Richard Heckler 3 years, 2 months ago

Selling off public education to the highest corporate bidders is what the right wing libertarians call reform.

Any wise words of wisdom that have been offered up fall on deaf ears. The right wing libertarian agenda is written in stone.

Dorothy Hoyt-Reed offers up some messages of substance ......

Richard Heckler 3 years, 2 months ago

I also acknowledge the words of William Weissbeck:

"Rick is a smart guy. Smarter than the combined legislature. He should know that giving the legislature the opportunity to change the formula simply gives them the opportunity to hide the money. Until the governor and the legislature acknowledge that the primary function of a state is to provide a public education essentially equal in its resources to all its children such that the need for private education is rare and used by those for reasons other than the quality of the education."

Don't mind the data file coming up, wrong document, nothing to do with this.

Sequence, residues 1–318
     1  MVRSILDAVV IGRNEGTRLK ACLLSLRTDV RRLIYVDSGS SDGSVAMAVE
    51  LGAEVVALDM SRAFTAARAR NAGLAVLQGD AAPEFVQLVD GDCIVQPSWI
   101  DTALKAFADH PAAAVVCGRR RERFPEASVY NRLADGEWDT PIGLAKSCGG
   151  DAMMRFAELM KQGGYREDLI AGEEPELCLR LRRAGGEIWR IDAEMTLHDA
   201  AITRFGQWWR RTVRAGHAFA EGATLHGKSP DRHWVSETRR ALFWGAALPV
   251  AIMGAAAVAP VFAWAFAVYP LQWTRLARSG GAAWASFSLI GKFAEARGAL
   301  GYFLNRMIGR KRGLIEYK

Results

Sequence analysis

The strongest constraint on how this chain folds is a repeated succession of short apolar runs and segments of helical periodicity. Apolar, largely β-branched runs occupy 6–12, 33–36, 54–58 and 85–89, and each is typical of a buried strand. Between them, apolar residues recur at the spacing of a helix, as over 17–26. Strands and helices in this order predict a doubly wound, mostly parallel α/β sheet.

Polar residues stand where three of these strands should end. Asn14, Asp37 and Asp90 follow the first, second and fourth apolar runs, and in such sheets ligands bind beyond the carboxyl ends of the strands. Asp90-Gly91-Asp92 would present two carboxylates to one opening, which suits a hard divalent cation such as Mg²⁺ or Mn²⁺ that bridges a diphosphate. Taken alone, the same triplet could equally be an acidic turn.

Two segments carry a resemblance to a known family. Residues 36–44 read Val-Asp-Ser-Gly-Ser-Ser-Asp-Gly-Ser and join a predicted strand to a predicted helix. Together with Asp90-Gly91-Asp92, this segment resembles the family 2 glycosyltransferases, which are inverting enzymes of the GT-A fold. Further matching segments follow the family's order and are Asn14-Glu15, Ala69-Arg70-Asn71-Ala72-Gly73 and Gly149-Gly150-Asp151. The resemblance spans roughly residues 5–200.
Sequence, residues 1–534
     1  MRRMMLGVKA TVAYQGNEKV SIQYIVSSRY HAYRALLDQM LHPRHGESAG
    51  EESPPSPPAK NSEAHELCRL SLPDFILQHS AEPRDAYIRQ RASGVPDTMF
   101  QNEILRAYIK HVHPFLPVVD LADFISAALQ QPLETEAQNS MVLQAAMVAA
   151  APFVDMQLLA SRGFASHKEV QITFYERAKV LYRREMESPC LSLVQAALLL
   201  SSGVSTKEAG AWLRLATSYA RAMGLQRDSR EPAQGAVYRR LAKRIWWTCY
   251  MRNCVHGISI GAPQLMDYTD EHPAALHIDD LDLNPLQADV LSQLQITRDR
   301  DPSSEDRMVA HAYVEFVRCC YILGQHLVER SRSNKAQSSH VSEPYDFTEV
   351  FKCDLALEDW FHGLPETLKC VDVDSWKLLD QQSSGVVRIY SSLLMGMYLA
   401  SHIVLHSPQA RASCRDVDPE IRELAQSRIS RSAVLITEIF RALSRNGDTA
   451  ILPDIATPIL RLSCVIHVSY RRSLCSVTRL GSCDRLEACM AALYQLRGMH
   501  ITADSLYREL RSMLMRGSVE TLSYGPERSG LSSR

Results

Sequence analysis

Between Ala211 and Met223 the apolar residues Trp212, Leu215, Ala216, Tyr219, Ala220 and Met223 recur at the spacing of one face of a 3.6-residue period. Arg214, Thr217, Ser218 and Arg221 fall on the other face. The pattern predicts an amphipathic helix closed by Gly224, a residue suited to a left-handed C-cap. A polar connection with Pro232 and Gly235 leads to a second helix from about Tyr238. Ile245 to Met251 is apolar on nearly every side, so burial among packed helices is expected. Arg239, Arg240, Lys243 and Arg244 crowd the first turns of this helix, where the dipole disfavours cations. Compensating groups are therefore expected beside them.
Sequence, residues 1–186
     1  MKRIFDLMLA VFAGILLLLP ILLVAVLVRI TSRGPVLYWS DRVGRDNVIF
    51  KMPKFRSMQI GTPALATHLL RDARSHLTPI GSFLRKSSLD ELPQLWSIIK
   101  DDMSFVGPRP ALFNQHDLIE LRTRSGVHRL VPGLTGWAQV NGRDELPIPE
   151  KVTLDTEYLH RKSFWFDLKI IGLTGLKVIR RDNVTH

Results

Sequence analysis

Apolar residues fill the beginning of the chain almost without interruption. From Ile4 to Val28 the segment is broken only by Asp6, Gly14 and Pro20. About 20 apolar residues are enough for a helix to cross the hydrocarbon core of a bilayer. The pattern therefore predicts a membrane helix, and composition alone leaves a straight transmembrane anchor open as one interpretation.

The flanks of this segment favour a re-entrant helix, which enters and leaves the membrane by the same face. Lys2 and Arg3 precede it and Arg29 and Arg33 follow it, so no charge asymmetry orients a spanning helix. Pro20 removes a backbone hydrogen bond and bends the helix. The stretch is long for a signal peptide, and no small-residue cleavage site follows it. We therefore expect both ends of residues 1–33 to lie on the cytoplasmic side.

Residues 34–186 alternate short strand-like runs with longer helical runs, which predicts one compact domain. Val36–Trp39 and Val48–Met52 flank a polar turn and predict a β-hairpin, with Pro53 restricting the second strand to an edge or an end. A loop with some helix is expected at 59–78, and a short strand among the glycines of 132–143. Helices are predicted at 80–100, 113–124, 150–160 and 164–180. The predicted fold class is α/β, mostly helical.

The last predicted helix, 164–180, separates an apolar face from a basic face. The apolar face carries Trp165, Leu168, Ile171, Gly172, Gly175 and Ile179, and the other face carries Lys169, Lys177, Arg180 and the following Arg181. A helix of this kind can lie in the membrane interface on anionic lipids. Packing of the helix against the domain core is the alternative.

Kate Rogge 3 years, 2 months ago

Governor Brownback and the Republican-controlled Kansas legislators do not want to fund public education. It's the biggest cost of Kansas government, and State support for public schools will be obliterated by those who can afford to educate their children as they wish and to hell with everyone else. Diverting the little bits of tax revenue left to pay for their private schools is just icing on a cake we'll never eat.

It's an odd combination of Social Darwinism and Supply-Side Jesus. God loves the rich and powerful, and rewards them with more wealth and power as a sign of his favor. If God loved the rest of us, we wouldn't need help, and if we do need help, why should they second-guess God? Control all three branches of State government. Deny us access to health care and education, keep us poorly paid, restrict our voting rights, eliminate women's civil rights, break public service unions, keep building more jails, and keep us in fear of losing even more. That's some blueprint for governance, isn't it?